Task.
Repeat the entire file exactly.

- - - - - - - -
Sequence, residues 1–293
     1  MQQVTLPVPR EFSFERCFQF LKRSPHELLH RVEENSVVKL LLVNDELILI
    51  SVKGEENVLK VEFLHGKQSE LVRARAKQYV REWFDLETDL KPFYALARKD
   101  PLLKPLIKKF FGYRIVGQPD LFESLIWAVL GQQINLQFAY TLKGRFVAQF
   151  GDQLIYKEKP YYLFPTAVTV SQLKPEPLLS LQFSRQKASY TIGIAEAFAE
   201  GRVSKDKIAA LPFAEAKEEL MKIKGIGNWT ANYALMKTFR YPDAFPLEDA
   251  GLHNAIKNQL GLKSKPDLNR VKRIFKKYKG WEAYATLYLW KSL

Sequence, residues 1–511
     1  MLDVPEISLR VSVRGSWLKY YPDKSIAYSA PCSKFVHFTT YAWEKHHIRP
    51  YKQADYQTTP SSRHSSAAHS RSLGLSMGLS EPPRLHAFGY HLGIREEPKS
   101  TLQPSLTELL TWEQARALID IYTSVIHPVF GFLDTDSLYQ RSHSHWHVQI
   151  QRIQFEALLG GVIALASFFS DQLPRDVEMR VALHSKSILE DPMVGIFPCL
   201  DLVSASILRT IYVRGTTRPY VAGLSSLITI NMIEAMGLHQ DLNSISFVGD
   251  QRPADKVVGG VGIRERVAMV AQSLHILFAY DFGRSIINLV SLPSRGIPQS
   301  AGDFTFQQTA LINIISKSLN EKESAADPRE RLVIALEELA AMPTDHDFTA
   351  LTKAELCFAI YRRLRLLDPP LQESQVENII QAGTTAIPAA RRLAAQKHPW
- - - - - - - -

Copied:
Sequence, residues 1–293
     1  MQQVTLPVPR EFSFERCFQF LKRSPHELLH RVEENSVVKL LLVNDELILI
    51  SVKGEENVLK VEFLHGKQSE LVRARAKQYV REWFDLETDL KPFYALARKD
   101  PLLKPLIKKF FGYRIVGQPD LFESLIWAVL GQQINLQFAY TLKGRFVAQF
   151  GDQLIYKEKP YYLFPTAVTV SQLKPEPLLS LQFSRQKASY TIGIAEAFAE
   201  GRVSKDKIAA LPFAEAKEEL MKIKGIGNWT ANYALMKTFR YPDAFPLEDA
   251  GLHNAIKNQL GLKSKPDLNR VKRIFKKYKG WEAYATLYLW KSL

Sequence, residues 1–511
     1  MLDVPEISLR VSVRGSWLKY YPDKSIAYSA PCSKFVHFTT YAWEKHHIRP
    51  YKQADYQTTP SSRHSSAAHS RSLGLSMGLS EPPRLHAFGY HLGIREEPKS
   101  TLQPSLTELL TWEQARALID IYTSVIHPVF GFLDTDSLYQ RSHSHWHVQI
   151  QRIQFEALLG GVIALASFFS DQLPRDVEMR VALHSKSILE DPMVGIFPCL
   201  DLVSASILRT IYVRGTTRPY VAGLSSLITI NMIEAMGLHQ DLNSISFVGD
   251  QRPADKVVGG VGIRERVAMV AQSLHILFAY DFGRSIINLV SLPSRGIPQS
   301  AGDFTFQQTA LINIISKSLN EKESAADPRE RLVIALEELA AMPTDHDFTA
   351  LTKAELCFAI YRRLRLLDPP LQESQVENII QAGTTAIPAA RRLAAQKHPW